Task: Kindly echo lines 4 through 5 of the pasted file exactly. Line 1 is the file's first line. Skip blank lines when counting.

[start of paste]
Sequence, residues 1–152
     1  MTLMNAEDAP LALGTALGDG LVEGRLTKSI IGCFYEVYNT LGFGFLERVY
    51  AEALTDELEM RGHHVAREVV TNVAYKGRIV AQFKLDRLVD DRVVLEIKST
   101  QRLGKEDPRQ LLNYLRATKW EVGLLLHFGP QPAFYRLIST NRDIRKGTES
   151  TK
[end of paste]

   101  QRLGKEDPRQ LLNYLRATKW EVGLLLHFGP QPAFYRLIST NRDIRKGTES
   151  TK